2016 was a volatile year, and we’ve been inundated with lists of the best and worst of what happened. None of us can deny that we are in a unique political and social climate, a time of change foretell great challenges for those who care about social justice, and the opportunity to do be creative, tenacious and bold in our work.
A few weeks ago, NCRP released a new strategic framework that describes how we plan to navigate the next 10 years. While we will continue our legacy of calling for high standards in institutional philanthropy, we have identified a few shifts that will make our work even more responsive to the needs of the 21st Century.
Our board and staff have recommitted ourselves to work that can drive more money to the organizations and leaders that advance movements. We have expanded our audience to include high net-worth individuals, encouraging them to prioritize marginalized communities and social justice strategies in their philanthropy. And we know that we cannot be successful unless we engage our partners in allies in the next steps.
Over the next few months, we will speak with foundation leaders, nonprofits, donors and other allies in 10 key regions around the country to discuss what the framework can look like in action and how we can all work together to advance shared goals.
Two themes have consistently emerged from our first three conversations in D.C., Chicago and Seattle. Leaders in each city offered that we who care about funding social justice movements should more intentionally “build community” to advance our shared work.
A range of ideas emerged about how to build community – and who should be included – but the consensus is that we need to expand our thinking around who should be invited to act with us in supporting social justice strategies and that we need to be creative about how to effectively engage all the players.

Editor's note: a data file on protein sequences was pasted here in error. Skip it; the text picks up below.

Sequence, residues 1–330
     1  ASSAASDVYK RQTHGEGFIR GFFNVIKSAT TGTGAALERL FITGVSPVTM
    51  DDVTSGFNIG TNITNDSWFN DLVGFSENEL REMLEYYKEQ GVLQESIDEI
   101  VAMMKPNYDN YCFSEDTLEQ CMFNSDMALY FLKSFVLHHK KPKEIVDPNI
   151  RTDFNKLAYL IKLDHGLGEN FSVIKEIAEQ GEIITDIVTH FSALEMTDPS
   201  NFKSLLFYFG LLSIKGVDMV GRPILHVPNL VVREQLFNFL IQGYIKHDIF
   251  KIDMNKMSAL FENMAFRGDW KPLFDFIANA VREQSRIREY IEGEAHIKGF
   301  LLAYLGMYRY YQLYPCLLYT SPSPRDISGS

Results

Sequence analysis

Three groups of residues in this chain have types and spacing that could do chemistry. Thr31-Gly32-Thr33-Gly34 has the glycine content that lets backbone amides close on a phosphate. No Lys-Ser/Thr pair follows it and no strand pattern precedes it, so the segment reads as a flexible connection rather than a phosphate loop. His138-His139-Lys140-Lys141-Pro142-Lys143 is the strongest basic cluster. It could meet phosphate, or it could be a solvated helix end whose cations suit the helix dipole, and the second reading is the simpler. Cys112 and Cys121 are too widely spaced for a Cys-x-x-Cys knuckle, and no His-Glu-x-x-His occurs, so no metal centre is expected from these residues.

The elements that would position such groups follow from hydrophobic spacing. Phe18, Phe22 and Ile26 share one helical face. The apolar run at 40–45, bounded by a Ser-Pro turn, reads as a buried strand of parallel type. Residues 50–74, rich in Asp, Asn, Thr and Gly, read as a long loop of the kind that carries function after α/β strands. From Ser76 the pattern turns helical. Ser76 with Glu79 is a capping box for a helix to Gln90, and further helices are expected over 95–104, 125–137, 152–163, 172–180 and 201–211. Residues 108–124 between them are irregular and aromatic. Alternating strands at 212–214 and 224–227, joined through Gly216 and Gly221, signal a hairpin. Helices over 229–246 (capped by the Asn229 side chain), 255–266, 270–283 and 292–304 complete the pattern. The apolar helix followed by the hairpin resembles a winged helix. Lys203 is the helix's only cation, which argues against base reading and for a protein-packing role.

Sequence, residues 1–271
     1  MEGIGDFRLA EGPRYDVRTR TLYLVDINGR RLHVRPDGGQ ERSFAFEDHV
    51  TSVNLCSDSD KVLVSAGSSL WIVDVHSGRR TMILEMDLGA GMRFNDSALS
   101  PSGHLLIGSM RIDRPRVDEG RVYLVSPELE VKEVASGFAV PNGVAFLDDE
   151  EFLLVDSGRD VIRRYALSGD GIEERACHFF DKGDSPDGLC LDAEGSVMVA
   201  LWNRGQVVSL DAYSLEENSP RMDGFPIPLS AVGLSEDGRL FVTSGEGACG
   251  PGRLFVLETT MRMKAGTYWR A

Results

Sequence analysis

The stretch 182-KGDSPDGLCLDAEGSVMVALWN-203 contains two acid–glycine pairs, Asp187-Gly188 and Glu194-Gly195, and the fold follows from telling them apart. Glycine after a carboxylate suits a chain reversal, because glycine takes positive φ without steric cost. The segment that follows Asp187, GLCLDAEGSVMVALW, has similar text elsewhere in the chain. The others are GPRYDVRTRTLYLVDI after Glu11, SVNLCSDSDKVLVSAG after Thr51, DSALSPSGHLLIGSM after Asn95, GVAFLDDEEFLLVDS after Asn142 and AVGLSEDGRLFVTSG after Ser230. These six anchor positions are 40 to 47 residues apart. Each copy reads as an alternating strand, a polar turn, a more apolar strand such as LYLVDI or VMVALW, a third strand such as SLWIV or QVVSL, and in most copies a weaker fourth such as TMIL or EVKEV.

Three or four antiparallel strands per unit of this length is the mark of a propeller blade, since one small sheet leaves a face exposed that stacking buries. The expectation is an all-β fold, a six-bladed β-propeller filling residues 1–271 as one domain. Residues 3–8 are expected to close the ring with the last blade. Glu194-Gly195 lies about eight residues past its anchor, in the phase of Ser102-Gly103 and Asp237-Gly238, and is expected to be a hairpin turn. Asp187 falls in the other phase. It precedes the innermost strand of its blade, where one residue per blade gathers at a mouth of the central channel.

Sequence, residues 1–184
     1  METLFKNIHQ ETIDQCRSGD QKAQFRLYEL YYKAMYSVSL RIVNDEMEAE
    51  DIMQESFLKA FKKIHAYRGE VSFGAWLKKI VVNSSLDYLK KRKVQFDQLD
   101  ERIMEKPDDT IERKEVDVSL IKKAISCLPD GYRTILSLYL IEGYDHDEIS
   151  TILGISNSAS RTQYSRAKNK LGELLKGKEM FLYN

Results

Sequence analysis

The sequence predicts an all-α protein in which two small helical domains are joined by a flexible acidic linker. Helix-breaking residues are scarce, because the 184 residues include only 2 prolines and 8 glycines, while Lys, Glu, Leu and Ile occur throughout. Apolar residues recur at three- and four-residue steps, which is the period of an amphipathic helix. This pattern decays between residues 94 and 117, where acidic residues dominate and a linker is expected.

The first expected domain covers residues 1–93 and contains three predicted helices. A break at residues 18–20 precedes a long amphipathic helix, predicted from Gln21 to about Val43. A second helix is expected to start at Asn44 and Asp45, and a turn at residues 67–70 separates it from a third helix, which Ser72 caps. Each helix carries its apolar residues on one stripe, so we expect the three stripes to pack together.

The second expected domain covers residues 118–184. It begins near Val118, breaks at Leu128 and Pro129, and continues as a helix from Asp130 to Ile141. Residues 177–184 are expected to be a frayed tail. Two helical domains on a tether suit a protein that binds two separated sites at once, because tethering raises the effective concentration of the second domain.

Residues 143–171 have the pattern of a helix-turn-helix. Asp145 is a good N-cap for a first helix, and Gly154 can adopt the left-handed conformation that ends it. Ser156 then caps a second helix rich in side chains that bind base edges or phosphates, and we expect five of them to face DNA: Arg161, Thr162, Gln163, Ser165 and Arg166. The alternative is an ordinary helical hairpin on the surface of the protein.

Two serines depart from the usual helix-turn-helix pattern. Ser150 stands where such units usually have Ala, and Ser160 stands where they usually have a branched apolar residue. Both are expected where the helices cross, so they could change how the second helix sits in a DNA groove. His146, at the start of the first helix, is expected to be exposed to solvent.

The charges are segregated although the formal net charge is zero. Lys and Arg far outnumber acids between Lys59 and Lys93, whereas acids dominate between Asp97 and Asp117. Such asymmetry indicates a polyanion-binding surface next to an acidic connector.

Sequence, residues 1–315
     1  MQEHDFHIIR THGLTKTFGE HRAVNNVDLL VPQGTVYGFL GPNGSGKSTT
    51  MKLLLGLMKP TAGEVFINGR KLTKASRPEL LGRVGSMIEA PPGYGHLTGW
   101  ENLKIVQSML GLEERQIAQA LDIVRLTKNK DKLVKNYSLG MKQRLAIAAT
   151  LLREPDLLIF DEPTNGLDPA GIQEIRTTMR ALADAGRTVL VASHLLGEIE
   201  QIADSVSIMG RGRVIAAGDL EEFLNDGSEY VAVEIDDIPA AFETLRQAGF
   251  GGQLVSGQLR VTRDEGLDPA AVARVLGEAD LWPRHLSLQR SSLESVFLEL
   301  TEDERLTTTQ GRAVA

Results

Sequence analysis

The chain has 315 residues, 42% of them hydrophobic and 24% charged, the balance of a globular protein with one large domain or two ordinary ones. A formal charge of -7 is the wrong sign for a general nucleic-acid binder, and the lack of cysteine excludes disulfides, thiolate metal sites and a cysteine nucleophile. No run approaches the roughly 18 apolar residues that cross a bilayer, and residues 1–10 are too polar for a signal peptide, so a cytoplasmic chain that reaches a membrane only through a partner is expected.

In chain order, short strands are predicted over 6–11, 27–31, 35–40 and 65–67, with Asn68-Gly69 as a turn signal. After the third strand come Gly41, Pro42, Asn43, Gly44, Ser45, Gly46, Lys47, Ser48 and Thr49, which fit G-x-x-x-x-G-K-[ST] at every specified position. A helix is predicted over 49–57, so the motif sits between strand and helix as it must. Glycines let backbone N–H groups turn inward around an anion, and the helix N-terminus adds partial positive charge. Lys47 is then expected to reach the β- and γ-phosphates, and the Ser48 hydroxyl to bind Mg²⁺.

As we discussed who our partners could be and should be, each conversation naturally turned to questions about strategy, not only for NCRP but for all the organizations represented in the room. Most noted that there are some urgent concerns that need to be addressed – and philanthropy can help with rapid response funds or collaborative funds.
But the urgent should not distract us from a long-term collective strategy. How do funders support a range of groups, covering both federal and local strategies? How do we build capacity of the groups who will be on the front lines over the next decade? What does “funding movements” look like in practice?
NCRP is excited to continue to wrestle with these questions with our peers and allies, and allow the insights from these conversations to refine our work over the next 10 years. As more conversations take place, we’ll add summaries of each event on our website. So far, over 100 people have made it clear that we need to move quickly, but not forget the long game. And whatever we do, we need to do it together and continuously invite others.
How are you engaging others – especially unlikely partners – in refining your strategy to support social justice movements? Share with us in the comments and on Twitter, and join the conversation about how together we can build a collective strategy for funding justice.
Jeanné Isler is vice president for learning and engagement at the National Committee for Responsive Philanthropy. Follow @NCRP on Twitter.